Guest Post by Willis Eschenbach
A couple of days ago, I got to looking at the daily record of US deaths from the coronavirus. It’s shown in Figure 1 below:
Figure 1. US daily deaths. Created on May 5, but shows May 4th data.
So … have the US deaths peaked, and if so when? Hard to tell. However, I looked at that graph in Figure 1 and I thought “It looks like the data might be reflecting lower counts on the weekends”.
Now, my go-to method for determining the existence, period, and amplitude of underlying repeating cycles in a dataset is the curious method called “CEEMD”. That stands for Complete Ensemble Empirical Mode Decomposition. I discuss the method here. It is a way to decompose a signal into underlying signals. It’s called “complete” because when you add all the underlying signals back together, it gives you back the original signal.
Once all possible underlying cycles have been removed from the data, what remains is called the “CEEMD Residual”. This residual is an excellent indicator of the overall trend of the data. Here is an overview of the CEEMD decomposition of the daily deaths data shown in Figure 1.
Figure 2. CEEMD complete decomposition of the data shown in Figure 1. The top panel is the raw data. Panels C1 to C4 are the empirical modes. Finally, at the bottom is the CEEMD residual.
As you can see, two of the four empirical modes (C2 and C4) are weak, with very low amplitude. Modes C1 and C3, on the other hand, show a much stronger signal. We can see the periods and strengths of each of the empirical modes C1-C4 in Figure 3, which shows the periodogram of each of the empirical modes C1-C4.
Figure 3. Periodograms of each of the empirical modes shown in Figure 2. The strongest signal is the seven-day signal, showing that my guess about weekends was likely correct. There is also a significant amount of energy in the first overtone of the 7-day signal, with a period of 3.5 days.
So … how does this analysis work out in practice? Here is the same data as in Figure 1, along with the CEEMD residual.
Figure 4. US daily deaths, along with the CEEMD residual. Data from May 4th, analyzed May 6th.
Well, I’d have to say that that looks like good news … it would be excellent if we were indeed 20 days past the peak.
And here is a look with the underlying 7-day signal overlaid on the daily data.
Figure 5. As in Figure 4, but overlaid with the seven-day empirical mode signal (Mode C3). The overlaid empirical mode C3 is shown for illustrative purposes only. You can see that when the empirical mode is added to the residual it will be a good match to the data.
This is a most interesting result. It shows one of the reasons that I use the CEEMD analysis—it breaks the raw data down into meaningful underlying signals. In this case, early in the spread of the virus at the left-hand side of the graph, the 7-day signal (blue line) was quite small. But now that there are a large number of deaths the 7-day signal is much larger. It is this kind of a result that is unobtainable by say standard Fourier analysis.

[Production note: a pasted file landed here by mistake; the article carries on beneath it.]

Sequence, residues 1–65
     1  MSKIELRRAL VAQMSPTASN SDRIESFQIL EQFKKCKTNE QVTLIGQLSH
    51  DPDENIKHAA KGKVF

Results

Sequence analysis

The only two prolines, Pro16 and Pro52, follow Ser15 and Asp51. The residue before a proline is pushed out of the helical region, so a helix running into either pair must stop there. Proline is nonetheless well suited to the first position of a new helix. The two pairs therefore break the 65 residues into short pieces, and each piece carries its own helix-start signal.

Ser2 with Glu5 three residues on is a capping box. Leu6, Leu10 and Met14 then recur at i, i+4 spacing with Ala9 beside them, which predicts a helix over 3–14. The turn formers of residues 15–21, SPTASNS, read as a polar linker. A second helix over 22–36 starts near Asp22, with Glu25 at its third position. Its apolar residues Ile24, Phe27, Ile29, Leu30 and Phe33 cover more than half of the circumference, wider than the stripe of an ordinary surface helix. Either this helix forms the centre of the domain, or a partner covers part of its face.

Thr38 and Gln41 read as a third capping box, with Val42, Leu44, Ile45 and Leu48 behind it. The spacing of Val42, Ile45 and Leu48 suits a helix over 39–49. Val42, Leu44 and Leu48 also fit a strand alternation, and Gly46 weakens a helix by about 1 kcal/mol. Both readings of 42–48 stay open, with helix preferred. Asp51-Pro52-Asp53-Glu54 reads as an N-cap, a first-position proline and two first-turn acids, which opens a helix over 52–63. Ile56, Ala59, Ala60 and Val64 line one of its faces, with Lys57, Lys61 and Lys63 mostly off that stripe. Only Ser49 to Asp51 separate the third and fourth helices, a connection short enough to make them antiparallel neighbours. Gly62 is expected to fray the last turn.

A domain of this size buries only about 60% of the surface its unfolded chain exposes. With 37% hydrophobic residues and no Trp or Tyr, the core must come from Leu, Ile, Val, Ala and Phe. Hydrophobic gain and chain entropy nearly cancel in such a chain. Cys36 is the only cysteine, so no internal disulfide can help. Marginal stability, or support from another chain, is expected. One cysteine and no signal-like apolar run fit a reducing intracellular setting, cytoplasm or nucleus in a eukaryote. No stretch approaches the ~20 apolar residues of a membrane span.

Finally, I prefer the CEEMD residual method over say a Gaussian smooth because it goes all of the way out to both the start and finish of the data. Not only that, but the information out near the ends is meaningful. Here’s a comparison of the CEEMD residual with a Gaussian filter.
Figure 6. Daily US deaths, CEEMD residual, and 7-day Full-Width to Half Maximum (FWHM) Gaussian smooth of the data. This is data from May 4th, processed on May 6th. Treatment of the Gaussian smooth near the endpoints is discussed in the Appendix here.
As you can see, the Gaussian smooth is high at the start of the daily deaths data, and low at the end of the data. The Gaussian smooth is dropping at the right-hand end, and the CEEMD Residual is turning upwards.
And two days later, here’s the situation:
Figure 7. More recent data, from May 6th, daily deaths and CEEMD Residual
At the right-hand end of the graph, the CEEMD residual was already foreshadowing the turn from decreasing to increasing, at the same time that the Gaussian smoothing was wrongly indicating a further decrease (see Figure 6). As I said, the CEEMD residual contains important information out at the ends.
Conclusions? Well, my first one would be that attempting to analyze coronavirus death data without removing the repeating weekly variations is … well, I’ll call it “overly optimistic” and leave it there.
My next conclusion is that the CEEMD residual is an excellent indicator of the ever-changing and oft-deceptive central tendency in time series data.
Next, about a week ago the CDC changed its guidance on the reporting of deaths involving the COVID virus. Rather than make an explicit distinction between deaths WITH coronavirus and deaths FROM coronavirus, they said to enter COVID-19 on the death certificate if the physician SUSPECTS that the coronavirus MIGHT have CONTRIBUTED to the death … “suspects the virus might have contributed” to the death??? Could they possibly be more vague?
The size of the effect of this change on the way the US reports the death count is unknown, but it can only increase the purported count, not decrease the count. As a result, we cannot be sure that the increase in deaths is real and not just a change in reporting
Finally, it appears that the US has peaked in terms of daily deaths. Might be another peak to come, might be two more peaks, might be no more peaks, but in any case but it appears we’ve passed the first peak.
Stay well, dear friends. When I was a young man, an old geezer (who was likely about my age now) told me “Son, when you have your health you have everything!”
But back then, I didn’t understand …
PLEASE: Quote the exact words you are discussing in your comment. This avoids endless misunderstandings and problems.